Some experts believe that probiotics boost the immune system and encourage better digestion. They are especially useful for repopulating the gut’s natural flora, say following an intensive course of antibiotics. While many yogurts have oats mixed into them, some clever plant-based brands have taken this one step further and are making it directly from oat milk.
The Health Benefits of Oats
Despite its humble reputation, the common oat is actually something of a super grain. Originating in the Middle East’s latter-day Fertile Crescent, the popular cereal made its merry way to Europe and Britain. From the Middle Ages onward, oats became a mainstay food for the peasant class, especially in Scotland where the crop flourished in the damp climate.
Oats are incredibly nutritious. Oats are packed with complex carbohydrate and are 17 percent protein to boot. In addition, oats are also revered for their cholesterol-lowering properties. This is because oats are a source of soluble fiber, which according to the Mayo Clinic, can reduce the absorption of cholesterol into your bloodstream. Not to mention oats are downright delicious and a low GI (glycemic index) rating makes this grain extra satisfying.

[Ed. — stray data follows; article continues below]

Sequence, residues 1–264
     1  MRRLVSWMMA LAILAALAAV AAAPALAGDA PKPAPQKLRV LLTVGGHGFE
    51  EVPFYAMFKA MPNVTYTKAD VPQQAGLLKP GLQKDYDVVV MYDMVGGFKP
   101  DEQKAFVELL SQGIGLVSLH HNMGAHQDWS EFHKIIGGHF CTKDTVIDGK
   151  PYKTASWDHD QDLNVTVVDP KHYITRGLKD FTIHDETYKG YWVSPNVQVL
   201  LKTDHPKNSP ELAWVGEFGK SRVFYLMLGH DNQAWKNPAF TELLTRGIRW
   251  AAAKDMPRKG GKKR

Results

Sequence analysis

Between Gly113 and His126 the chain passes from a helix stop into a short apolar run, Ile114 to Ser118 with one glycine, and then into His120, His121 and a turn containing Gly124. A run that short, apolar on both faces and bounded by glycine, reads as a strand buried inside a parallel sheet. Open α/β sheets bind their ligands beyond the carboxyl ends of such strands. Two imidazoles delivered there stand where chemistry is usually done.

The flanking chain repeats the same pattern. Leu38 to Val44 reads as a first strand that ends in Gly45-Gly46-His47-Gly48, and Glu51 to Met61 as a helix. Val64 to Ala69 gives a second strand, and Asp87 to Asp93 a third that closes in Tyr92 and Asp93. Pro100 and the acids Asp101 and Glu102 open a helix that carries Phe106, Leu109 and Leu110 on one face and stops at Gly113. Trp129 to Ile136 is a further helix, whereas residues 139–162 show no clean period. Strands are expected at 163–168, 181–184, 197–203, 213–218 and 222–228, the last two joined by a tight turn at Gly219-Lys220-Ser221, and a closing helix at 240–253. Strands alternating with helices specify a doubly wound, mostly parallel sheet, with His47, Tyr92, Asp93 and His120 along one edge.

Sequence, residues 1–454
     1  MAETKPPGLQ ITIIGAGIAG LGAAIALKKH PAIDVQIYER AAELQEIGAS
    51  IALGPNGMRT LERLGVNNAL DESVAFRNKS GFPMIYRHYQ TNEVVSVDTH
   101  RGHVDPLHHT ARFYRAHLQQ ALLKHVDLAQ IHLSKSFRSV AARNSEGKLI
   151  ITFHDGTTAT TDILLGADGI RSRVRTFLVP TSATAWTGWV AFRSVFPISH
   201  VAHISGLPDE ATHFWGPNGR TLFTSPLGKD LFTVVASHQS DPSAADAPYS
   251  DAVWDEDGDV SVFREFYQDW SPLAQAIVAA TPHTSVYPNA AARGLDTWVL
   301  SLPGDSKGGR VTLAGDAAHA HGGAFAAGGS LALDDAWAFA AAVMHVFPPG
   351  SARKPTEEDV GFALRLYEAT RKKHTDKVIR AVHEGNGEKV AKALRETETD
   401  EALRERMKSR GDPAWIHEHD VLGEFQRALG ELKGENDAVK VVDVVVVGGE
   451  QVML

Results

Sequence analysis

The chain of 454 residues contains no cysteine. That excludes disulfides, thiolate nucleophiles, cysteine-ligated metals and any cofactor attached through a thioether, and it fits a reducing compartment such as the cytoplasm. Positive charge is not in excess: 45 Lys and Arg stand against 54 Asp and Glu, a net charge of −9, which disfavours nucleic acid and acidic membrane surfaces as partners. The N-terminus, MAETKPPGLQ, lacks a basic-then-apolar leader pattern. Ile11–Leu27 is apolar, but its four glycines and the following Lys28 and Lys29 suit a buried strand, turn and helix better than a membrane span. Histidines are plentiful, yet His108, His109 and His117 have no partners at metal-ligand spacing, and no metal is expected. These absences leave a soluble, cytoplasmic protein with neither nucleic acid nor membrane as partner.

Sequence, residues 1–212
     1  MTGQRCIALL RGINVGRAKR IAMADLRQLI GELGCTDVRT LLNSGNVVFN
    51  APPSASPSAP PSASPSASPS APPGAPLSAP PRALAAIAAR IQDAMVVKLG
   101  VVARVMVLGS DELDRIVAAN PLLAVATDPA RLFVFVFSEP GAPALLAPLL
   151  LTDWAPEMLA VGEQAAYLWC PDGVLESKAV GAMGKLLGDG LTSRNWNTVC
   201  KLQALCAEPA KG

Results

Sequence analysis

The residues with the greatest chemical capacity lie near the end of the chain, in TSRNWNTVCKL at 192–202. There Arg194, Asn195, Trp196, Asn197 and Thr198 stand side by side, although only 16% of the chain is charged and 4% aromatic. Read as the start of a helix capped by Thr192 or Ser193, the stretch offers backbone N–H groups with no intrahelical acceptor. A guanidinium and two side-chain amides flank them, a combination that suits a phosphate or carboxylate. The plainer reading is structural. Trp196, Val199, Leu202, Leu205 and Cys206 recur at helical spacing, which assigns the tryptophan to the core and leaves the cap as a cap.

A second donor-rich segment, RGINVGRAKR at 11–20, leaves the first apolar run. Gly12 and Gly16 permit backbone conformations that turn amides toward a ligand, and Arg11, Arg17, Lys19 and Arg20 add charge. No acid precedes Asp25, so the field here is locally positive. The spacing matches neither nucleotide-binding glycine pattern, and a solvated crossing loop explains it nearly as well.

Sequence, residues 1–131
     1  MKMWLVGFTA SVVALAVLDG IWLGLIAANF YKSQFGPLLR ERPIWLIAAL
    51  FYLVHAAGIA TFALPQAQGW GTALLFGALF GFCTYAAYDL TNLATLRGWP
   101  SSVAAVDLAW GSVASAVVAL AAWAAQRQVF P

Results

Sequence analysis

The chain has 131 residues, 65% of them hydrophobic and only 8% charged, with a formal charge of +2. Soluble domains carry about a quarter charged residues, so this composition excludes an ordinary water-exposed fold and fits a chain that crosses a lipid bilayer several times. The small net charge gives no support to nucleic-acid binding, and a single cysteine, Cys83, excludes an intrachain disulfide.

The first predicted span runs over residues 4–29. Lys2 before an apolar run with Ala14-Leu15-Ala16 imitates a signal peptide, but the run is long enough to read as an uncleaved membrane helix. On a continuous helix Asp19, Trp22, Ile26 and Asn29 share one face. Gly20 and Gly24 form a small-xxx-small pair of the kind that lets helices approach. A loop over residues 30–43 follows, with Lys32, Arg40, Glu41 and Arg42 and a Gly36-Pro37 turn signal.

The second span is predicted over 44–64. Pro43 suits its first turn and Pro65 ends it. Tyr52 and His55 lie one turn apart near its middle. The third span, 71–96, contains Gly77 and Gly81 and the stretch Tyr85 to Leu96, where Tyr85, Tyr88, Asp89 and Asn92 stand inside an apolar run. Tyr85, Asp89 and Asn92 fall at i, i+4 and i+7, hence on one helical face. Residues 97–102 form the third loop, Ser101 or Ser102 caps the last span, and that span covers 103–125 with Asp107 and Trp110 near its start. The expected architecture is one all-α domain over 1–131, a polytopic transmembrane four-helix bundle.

Why Go Dairy-Free?
Most of us grew up being told that milk was good for us, a grower of strong bones, healthy teeth, and thick hair. This link between dairy and health has been largely popularised by the dairy industry through campaigns such as Got Milk? Most humans cannot digest cow’s milk as we lack the correct digestive enzymes to process the milk protein, lactose. Milk has also been linked to an increased risk of breast cancer.
Dairy consumption has also been linked to digestive issues and inflammation, which is why so many athletes are ditching it in recent years. Several members the baseball team the LA Dodgers now follow a dairy-free diet, which they say aids in recovery time.